Season 1 player Sam Solovey recalled his first introductory meeting with Trump in the show's iconic boardroom alongside his castmates, saying, "He almost presented himself as a Broadway character."

"When you go to a Broadway show, there’s a certain manner in which an actor is supposed to stand onstage, because they don’t use their hands," Solovey said. "Certain aspects of posture, cadence — he adopted all of that."

But Solovey recalled it not coming across as "natural."

"I don’t think people really analyze it, but it clearly was intentional," he said, in the book. "I believe the way that he presents himself is a larger sort of performance art. Just watching him, everything from the hands, the way he puts his fingers together and claps, the pointing fingers, the length of his ties, always wearing suits ... And I don’t think it’s natural—especially the speech pattern and the way he stands. It doesn’t hurt that he’s a tall guy and physically big. It’s all part of a product."

Trump would get "too close" to the contestants

According to the book's author, Burnett would move axed contestants — who still didn't have access to their wallets or other important personal belongings — into rooms at the Drake Hotel to avoid spoilers from getting out. This is when Trump allegedly "violated the golden rule of reality TV: never get too close to the contestants."

Trump would allegedly "regularly invite them over to his office, simply to hang out. They all had the ability to reach him. All they had to do was call his assistant." He'd even offer the fired male contenders some personal advice, with Bowie Hogg recalling Trump telling him to "always make sure you got a prenup," Setoodeh claims in the book.

Trump, according to former contestant Sam Solovey, would even invite the axed players over to his apartment. The author alleges that Trump "enlisted the fired contestants as his helpers long before the first episode of The Apprentice aired, back when they were still being held without their wallets in New York City hotel rooms during production."

Trump allegedly had various inappropriate interactions with female contestants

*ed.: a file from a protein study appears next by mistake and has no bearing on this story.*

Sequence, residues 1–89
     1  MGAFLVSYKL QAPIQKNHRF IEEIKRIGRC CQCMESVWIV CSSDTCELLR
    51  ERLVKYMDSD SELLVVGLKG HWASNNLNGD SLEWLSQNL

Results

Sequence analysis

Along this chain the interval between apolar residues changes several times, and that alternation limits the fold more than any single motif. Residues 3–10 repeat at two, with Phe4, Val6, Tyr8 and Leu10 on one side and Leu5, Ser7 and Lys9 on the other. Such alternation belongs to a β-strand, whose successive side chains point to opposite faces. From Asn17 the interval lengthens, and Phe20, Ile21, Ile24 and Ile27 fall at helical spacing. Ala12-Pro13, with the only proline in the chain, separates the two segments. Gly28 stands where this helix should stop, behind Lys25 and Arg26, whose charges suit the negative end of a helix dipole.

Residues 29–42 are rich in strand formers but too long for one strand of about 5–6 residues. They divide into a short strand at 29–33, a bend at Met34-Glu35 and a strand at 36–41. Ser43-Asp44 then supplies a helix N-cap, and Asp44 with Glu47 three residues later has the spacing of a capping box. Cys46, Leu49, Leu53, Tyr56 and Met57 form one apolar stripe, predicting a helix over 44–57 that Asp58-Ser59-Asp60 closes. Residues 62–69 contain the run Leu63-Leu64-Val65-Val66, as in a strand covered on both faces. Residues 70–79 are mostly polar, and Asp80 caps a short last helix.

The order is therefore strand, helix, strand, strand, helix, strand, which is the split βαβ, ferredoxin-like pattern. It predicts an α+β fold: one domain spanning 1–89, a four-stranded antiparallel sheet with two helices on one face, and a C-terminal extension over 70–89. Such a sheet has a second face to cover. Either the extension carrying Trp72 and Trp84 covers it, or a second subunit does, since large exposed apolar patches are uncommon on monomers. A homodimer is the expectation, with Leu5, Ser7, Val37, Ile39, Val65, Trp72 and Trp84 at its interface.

The book also recounts a few encounters Trump allegedly had with female contestants, including Trump's fixation with season 4 contender Jennifer Murphy.

"It was mostly among the men [on the show], where he’d say, 'Oh, she’s hot. Oh, I’d love to sleep with her.' Jennifer Murphy —t hat’s who he’d talk about,'" season 4 winner Randal Pinkett said in the book, noting that "There’s no place for those conversations in a business context" and that "It was unacceptable."

Related: Donald Trump's Sexual Assault Accusers Demand Justice in the #MeToo Era: 'We Were Forgotten'

<p>Scott Olson/Getty; Phillip Faraone/Getty</p> (L-R) Donald Trump; Jennifer Murphy.

Scott Olson/Getty; Phillip Faraone/Getty

(L-R) Donald Trump; Jennifer Murphy.

Although Murphy, who previously met Trump through his Miss USA pageant system, didn't win the season, she says that Trump would go on to forge a close bond with her post-show. He allegedly sent her to meetings with his top executives and eventually offered her two jobs, which she later turned down. But before that, the pair had an interaction in which he kissed her on the lips after a one-on-one meeting at his office, she recalls in the book.

"I mean, he didn't push it," Murphy said, noting that she "wasn't offended" by it. "It was like, one, two, three — no tongue. I just let him give me the kiss. And I kind of turned red."

Murphy also recalled Trump smacking her on her butt "a little" after they shot an Access Hollywood segment together.

Season 5 contestant  Summer Zervos' allegations of Trump kissing and later sexually assaulting her were mentioned, as well. But she declined to address the matter for the book.

Randal Pinkett recalled the aftermath of his then-controversial decision that led to him becoming the season 4 winner

In season 4, Trump presented Randal Pinkett with the option of sharing his win with eventual runner-up Rebecca Jarvis, but Pinkett declined the offer.

"I think he made himself unpopular by not doing it," Trump said, in the book. "He said no, and most people thought — especially the way I put it — he’d say yes. That’s his problem."

But Pinkett believes Trump attempted to dilute his win due to the color of his skin. “In retrospect, I would argue this: it was a combination of racism and sexism," Pinkett said, in the book.

Both Pinkett and Trump "took heat" for how they reacted in the moment. Eventually, Pinkett "confronted" Trump during a one-on-one meeting at Trump Tower where the show's publicist Jim Dowd, whom the winner hired, sat in to mediate.

<p>Jemal Countess/Getty</p> Former Apprentice participant Dr. Randel Pinkett speaks at the Former Apprentices Speak Out: Donald Trump, You're Fired! Press Conference at Roosevelt Hotel on April 15, 2016 in New York City.